Winter grazing deferment a win for agriculture lobbyistsMarch 30th, 2021
The Government has deferred imposing almost all of its proposed winter grazing regulations for a year, a move that’s been met with scorn from environmentalists and animal advocates.
Winter grazing – a practice where livestock are strip-fed a crop, often in extremely muddy conditions – has come under increased scrutiny in recent years.
In 2019, winter grazing hit the headlines when environmentalist Angus Robson went public with his campaign to expose what had been happening on farms across the country. The photos and videos of cows standing and giving birth in muddy paddocks prompted Agriculture Minister Damien O’Connor to launch a winter grazing taskforce.
The Agriculture Minister and David Parker, the Environment Minister, proposed a suite of new rules to improve winter grazing practices, which agriculture lobbyists decried as unworkable. They protested, and the Government’s latest announcement indicates that the lobbyists have won.
Parker and O’Connor announced recently that they would allow the industry to self regulate for the next year, allowing Farmers to develop their own so-called ‘modules’ to manage their winter grazing practices.
In a statement, Parker said the deferment will allow an intensive winter grazing farm plan module to be developed, tested and deployed ready for formal incorporation into wider certified freshwater farm plans in 2022.
Not everyone is happy about this. In fact, many people are deeply unhappy about this. Greenpeace Senior Campaigner Steve Abel said the Government had been ‘owned’ by big dairy, calling the decision ‘pathetic’.
SAFE CEO Debra Ashton questioned what the Government would do to ensure the welfare of animals in the interim.
Green MP Eugenie Sage said it’s a bad outcome for rivers and animal welfare.
Conservationists are calling for mandatory measures to protect the overfishing of Tarakihi. This was after the fishing industry admitted to breaking its promise to follow voluntary restrictions.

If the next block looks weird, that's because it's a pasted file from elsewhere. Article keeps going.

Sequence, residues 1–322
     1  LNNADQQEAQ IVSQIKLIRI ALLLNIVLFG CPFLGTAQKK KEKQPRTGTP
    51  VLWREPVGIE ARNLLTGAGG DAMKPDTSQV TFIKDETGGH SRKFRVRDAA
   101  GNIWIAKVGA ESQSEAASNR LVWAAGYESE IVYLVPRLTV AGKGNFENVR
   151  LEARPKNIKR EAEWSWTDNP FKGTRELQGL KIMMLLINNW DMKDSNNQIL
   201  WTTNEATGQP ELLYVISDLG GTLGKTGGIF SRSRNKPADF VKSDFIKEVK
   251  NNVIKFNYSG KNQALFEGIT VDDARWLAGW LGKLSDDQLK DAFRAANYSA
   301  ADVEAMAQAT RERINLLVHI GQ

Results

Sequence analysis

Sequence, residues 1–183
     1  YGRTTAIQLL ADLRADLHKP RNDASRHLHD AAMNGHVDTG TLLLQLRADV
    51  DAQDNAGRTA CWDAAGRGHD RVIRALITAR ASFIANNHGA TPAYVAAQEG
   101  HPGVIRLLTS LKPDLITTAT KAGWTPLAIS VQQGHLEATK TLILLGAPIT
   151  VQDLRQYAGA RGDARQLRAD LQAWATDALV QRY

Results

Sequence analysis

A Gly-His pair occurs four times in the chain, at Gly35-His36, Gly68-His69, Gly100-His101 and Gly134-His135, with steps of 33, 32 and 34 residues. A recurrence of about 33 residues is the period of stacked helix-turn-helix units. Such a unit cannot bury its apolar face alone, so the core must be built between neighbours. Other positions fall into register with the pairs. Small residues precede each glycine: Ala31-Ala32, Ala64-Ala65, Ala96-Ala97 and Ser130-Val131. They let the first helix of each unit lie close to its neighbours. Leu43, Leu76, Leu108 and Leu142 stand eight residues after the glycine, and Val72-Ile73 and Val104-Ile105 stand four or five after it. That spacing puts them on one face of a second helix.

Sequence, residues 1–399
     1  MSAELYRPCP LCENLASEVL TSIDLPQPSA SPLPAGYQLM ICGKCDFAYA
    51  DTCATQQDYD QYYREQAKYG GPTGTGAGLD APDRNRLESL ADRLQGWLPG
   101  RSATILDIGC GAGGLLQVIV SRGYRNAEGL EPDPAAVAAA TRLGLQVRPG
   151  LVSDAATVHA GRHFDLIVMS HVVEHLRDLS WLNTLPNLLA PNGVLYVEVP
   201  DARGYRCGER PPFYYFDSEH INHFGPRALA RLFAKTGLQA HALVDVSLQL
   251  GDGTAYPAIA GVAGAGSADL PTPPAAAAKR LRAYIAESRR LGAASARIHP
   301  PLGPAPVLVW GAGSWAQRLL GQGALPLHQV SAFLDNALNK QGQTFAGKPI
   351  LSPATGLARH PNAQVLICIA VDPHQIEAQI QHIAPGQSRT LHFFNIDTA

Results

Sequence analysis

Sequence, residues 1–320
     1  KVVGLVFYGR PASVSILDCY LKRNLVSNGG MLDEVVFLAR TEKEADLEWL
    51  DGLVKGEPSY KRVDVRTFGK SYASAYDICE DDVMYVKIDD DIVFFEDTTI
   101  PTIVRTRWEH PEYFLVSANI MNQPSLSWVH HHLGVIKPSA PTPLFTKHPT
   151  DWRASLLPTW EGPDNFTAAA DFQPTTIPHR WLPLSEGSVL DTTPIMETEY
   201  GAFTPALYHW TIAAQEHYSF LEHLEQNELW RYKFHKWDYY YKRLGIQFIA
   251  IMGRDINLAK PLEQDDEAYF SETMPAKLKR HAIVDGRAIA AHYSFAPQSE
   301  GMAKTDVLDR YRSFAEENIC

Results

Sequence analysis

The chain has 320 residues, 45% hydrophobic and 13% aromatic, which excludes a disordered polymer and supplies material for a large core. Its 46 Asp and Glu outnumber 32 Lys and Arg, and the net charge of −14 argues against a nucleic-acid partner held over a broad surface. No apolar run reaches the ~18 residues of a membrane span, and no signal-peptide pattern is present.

Forest and Bird said last week that Tarakihi have been fished down to 15 per cent of their original levels, well below the 40 per cent minimum level considered safe from overfishing.
In 2019, Stuart Nash, the fisheries minister at the time, decided to take a phased approach to rebuild the tarakihi population, making an initial 20 per cent cut to commercial fishing quotas, but then pulled back for a 10 per cent reduction instead.
But Stuff has now reported, in a briefing to Fisheries Minister David Parker, Fisheries Inshore chairman Laws Lawson admitted fishing boats were failing to keep out of areas they promised not to fish, putting juvenile Tarakihi at risk.
A report, titled The future of commercial fishing in Aotearoa New Zealand, was prepared by the Prime Minister’s chief science advisor Professor Dame Juliet Gerrard. It suggested more needs to be done to reduce gaps in data and knowledge, noting that while we have a lot of data about the ocean, in many ways we also know frighteningly little.
Dr Michael Plank, a professor at the University of Canterbury who was on the panel responsible for preparing the report, said the findings stressed the importance of taking a holistic view of the ocean. He said one of the things the report identifies is the need to move towards managing ecosystems as a whole, rather than managing individual species.
Footage of Compassion in World Farming’s undercover investigation and an accompanying report released on Wednesday uncovered the grim reality for many fish raised in Scotland’s salmon farming industry. Their findings were released by a global network of 40 NGOs in over 30 countries, including SAFE in New Zealand.
Scotland is the third-largest producer of farmed Atlantic salmon worldwide and exports fish to over 50 countries. The industry produced about 38 million fish in 2019 and the Scottish Government is planning to allow massive industry expansion by 2030.
Over 22 Scottish farms were investigated between September and November 2020 using drone technology and underwater divers. On several farms, investigators found severe sea lice infestations and high levels of mortalities. As many as a quarter of the fish die before they make it to slaughter.
The investigators also found fish crammed in barren underwater cages. Salmon are natural migrators, but in fish farming systems they have nothing to do but swim aimlessly in cramped conditions for up to two years. Compassion in World Farming is now calling for a moratorium on the expansion of Scottish salmon farming, with a view to phasing out intensive salmon farming.
New Zealand farms king salmon, not Atlantic salmon, but the investigation raises questions about how salmon are farmed in New Zealand. Broadly speaking, we farm salmon in very similar ways, and now that we know what’s happening in Scotland, there are justifiable concerns for salmon farmed in New Zealand.